Dependency Injection Using Microsoft Unity Framework

Let's have look at where it starts. It begins with the SOLID principle last Letter “D”, the Dependency Inversion Principle.
  • Dependency Inversion Principle.
  • Inversion of Control.
  • Dependency Injection.
  • Creating a console application.
  • Adding Reference to Microsoft Unity Framework.
  • Adding BL class.
  • Adding DL class.
  • Adding Interface.
  • How to configure the Unity Container.
  • Running and debugging an application.
  • Final output.
  • Dependency Injection Pros and Cons.
Flow of Dependency Inversion Principal
Flow of Dependency Inversion Principal

Dependency Inversion Principal

The Dependency Inversion principle says that components that depend on each other should interact via an abstraction, not directly with a concrete implementation.
Example: If we have a data access layer and business layer then they should not directly depend on each other, they should depend on an interface or abstract for object creation.
  1. Using abstraction allows various components to be developed and changed independently of each other.
  2. And easy for testing components.

Inversion of Control (IOC)

Inversion of Control is a design principle that promotes loosely coupled layers, components, and classes by inverting the control flow of the application.

Dependency Injection (DI)

Dependency Injection is defined as a design pattern that allows removing hard-coded dependencies from an application.
There is one major point to remember:
Inversion of control is principal and Dependency Injection is implementation.
Now let's start with implementing Dependency Injection using the Microsoft Unity Framework.
The Microsoft Unity Framework helps us to inject external dependencies into software components. To use it in a project we just need to add a reference for the Unity Container DLLs to our project. To download it click on this link.
There are the following three types of dependencies:
  1. Constructor
  2. Setter (Properties)
  3. Method.

Creating a console application

I am creating a Console application named DIinject.
And I am showing Constructor Injection with Unity Framework (that is most widely used).
See in the following snapshot.

Adding Reference to Microsoft Unity Framework

Now I had added a reference for the Microsoft Unity Framework to my application.
See in the following snapshot.
Adding Reference of Microsoft unity framework

Adding BL class

I have added BL.cs (a Business Logic Layer) class to the application.
See in the following snapshot.
Adding BL class

Adding DL class

After adding BL.cs I have added DL class to the application (Data Access Layer).
See in the following snapshot.
Adding DL class

Adding Interface

For decoupling both classes, I have added an interface with the name IProduct.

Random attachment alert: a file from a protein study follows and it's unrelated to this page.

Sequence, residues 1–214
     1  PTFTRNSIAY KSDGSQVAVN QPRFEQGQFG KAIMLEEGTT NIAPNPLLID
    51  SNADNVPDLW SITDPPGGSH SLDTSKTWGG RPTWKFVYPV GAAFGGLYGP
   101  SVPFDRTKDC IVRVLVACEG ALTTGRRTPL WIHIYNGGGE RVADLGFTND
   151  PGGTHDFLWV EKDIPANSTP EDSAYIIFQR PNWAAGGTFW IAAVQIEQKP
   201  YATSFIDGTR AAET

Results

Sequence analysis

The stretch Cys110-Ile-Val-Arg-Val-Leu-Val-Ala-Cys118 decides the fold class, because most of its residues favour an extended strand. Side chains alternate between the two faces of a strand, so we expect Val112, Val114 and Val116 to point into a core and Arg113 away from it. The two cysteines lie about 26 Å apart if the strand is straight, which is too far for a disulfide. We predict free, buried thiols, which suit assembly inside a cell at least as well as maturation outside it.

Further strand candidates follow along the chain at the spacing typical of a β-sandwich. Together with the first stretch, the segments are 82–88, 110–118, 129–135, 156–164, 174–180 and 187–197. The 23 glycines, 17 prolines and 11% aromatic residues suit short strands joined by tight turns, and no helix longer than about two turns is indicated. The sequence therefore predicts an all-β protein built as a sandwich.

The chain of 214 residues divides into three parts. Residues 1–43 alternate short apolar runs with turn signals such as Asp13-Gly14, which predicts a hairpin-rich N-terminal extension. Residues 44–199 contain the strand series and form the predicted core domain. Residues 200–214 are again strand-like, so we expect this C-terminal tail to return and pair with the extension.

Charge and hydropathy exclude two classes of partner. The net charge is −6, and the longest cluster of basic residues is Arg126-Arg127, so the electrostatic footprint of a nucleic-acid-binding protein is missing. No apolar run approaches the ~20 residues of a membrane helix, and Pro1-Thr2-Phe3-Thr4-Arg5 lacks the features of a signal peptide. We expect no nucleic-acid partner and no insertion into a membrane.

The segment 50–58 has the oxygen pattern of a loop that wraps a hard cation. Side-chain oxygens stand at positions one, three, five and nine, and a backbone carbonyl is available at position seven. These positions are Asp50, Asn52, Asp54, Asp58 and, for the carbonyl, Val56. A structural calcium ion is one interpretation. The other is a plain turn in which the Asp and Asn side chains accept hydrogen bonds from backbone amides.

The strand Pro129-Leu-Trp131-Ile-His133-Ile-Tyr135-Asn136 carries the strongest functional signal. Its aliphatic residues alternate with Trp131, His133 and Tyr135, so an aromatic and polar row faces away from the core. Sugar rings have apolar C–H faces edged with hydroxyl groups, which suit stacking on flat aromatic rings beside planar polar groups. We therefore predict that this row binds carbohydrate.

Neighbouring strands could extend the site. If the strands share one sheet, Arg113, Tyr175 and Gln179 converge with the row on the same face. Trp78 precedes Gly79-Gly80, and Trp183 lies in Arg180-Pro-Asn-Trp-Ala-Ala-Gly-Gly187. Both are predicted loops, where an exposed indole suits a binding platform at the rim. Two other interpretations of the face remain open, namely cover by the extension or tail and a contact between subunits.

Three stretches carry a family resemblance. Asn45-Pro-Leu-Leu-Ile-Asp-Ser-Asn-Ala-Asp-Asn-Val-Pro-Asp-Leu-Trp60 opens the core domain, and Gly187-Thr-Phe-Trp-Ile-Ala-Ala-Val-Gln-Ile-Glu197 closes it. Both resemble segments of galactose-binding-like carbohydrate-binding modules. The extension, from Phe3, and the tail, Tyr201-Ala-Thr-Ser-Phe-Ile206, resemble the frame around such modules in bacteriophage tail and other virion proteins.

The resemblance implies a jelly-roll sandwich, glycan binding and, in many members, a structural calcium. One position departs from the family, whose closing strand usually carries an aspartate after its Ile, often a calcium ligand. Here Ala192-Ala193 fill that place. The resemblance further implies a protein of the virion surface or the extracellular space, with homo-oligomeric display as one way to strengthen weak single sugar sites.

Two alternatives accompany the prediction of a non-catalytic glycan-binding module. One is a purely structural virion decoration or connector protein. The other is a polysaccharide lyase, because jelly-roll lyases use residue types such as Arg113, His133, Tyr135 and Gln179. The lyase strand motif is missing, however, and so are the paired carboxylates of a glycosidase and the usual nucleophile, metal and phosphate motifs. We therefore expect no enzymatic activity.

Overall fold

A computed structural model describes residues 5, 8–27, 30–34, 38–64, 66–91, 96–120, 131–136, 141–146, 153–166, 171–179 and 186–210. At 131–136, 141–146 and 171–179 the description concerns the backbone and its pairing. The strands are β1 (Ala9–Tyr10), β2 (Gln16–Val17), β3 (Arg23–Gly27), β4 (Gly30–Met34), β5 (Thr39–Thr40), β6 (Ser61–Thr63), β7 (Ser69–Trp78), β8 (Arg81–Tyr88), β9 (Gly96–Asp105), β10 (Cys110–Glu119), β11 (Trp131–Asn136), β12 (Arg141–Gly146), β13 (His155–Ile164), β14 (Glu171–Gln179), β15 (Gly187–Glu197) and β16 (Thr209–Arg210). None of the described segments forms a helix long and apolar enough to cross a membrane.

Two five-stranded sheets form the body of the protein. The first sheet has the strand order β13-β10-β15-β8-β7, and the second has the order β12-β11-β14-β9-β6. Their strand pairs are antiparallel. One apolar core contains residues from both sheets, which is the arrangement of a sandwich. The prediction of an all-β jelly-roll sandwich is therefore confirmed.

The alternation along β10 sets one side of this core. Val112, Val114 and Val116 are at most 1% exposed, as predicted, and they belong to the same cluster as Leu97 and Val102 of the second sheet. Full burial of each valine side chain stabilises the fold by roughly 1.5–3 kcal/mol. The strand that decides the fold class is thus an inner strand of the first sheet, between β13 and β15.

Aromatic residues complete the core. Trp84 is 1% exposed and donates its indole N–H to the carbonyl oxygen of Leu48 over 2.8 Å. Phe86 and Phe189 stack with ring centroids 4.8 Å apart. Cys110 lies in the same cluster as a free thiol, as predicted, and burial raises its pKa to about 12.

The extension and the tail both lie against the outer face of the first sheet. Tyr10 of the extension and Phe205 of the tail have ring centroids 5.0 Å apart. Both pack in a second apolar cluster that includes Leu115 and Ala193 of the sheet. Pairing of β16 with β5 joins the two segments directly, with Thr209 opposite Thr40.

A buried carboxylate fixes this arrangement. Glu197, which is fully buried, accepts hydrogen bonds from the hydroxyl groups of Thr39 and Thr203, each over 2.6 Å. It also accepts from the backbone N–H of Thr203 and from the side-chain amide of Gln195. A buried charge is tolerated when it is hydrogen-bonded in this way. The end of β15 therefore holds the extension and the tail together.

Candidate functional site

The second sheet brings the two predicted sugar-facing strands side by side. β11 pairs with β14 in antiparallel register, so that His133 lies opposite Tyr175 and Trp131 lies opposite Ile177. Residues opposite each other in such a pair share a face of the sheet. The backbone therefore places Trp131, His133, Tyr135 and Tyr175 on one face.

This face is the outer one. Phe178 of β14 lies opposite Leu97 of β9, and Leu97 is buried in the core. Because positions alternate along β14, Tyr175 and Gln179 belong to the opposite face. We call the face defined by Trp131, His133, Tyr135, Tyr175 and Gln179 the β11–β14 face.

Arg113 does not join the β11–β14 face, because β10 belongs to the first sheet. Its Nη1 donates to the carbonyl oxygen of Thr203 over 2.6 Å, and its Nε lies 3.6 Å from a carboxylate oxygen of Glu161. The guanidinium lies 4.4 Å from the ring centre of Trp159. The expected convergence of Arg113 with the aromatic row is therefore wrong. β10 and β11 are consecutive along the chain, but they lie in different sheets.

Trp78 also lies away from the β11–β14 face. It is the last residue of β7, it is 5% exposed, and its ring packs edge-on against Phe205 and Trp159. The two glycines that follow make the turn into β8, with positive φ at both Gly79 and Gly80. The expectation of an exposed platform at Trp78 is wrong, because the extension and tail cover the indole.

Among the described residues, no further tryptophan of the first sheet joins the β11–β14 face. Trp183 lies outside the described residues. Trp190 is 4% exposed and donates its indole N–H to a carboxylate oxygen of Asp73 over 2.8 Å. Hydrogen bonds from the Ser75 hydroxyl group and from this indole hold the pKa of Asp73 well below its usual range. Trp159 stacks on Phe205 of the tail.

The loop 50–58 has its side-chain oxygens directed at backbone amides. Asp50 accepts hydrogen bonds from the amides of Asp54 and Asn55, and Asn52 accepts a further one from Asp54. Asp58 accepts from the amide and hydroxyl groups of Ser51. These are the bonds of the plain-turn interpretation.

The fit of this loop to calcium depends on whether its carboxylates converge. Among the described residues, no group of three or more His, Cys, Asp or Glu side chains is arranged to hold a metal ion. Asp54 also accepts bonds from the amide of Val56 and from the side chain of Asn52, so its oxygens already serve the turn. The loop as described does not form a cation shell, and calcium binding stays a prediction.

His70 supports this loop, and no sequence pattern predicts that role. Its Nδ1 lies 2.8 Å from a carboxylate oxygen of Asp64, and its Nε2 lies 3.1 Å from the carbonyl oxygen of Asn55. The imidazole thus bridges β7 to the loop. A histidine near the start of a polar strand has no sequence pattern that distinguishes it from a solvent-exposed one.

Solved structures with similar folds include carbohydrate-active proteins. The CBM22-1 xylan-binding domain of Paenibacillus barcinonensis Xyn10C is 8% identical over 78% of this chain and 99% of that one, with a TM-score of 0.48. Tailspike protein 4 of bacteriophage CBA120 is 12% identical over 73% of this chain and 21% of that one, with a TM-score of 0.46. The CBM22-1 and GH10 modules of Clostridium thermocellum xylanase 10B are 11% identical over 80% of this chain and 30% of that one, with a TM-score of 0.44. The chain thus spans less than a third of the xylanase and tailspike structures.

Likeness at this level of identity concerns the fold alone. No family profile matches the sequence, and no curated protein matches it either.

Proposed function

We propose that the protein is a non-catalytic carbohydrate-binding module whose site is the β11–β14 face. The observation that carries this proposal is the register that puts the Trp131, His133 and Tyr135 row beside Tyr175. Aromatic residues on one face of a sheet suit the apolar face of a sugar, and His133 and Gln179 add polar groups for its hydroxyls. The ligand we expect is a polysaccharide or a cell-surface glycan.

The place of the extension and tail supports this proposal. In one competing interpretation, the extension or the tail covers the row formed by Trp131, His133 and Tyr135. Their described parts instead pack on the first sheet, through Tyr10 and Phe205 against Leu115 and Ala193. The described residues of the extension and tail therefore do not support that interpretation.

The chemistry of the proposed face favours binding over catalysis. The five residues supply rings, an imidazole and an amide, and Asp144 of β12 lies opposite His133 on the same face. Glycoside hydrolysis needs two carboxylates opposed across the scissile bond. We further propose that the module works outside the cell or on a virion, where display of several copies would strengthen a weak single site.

See in the following snapshot.
Adding Interface
In the interface, I have declared a method with the name Insertdata().
See in the following snapshot.
Now the DL (Data access layer) will implement the interface IProduct.
See it in the following snapshot.
After implementing the interface, now in the BL (Business Logic) layer, I am injecting a dependency from the Constructor.
See in the following snapshot.
business logic layer

How to configure the Unity Container

In the Program.cs add the following code to register the dependency and resolve the BL (Business Logic) layer instance as shown below. This will automatically take care of injecting the DA (Data Access) layer object into the BL (Business Logic) layer Constructor.
For that, we need to register a type and resolve an instance of the default requested type from the container.
  1. Creating a Unity Container.
    Creating Container of Unity
    Here I have created a Unity Container object with a named IU.
  2. Register a type.
    Register a type
    Here I registered the types that I am using for the injection.
    In this, I am injecting a DA (Data Access) layer into the BL (Business Logic) layer. That is why I registered both types.
  3. Register a type with specific members to be injected.
    specific members to be injected
    1. RegisterType<From , To>( );  
    From: Type that will be requested.
    To: Type that will actually be returned.
    You call the RegisterType method to specify the registered type as an interface or object type and the target type you want to be returned in response to a query for that type. The target type must implement the interface, or inherit from the class, that you specify as the registered type.
  4. Resolve. (Resolve an instance of the default requested type from the container.)
    We want to resolve the BL by injecting a DL. That is why I wrote Resolve<BL>( );.
  5. Finally calling the method.
    Finally calling Method
See in the following snapshot containing the entire Program.cs.

Running and debugging application

Now just run the application.
I show below a snapshot of running the BL during debugging that clearly shows the DL injecting.
See in the following snapshot the Data Access layer injecting using the constructor.
Running and debugging application
See in the following snapshot a method of BL has been called.
A Method of BL been Called
See in the following snapshot, it is calling a method of a DA (Data Access) layer.
Calling Method of DL
See in the following snapshot it has called the DA (Data Access) layer.
Data access Layer
Final output
It has finally injected dependency.
finally injected Dependency

Dependency Injection Pros and Cons

  1. Loosely coupling.
  2. Increase Testability.
  1. Increase code complexity.
  2. Complicate debugging of code.
The preceding is a simple example for developers. After this, you will find Dependency Injection to be an easy concept.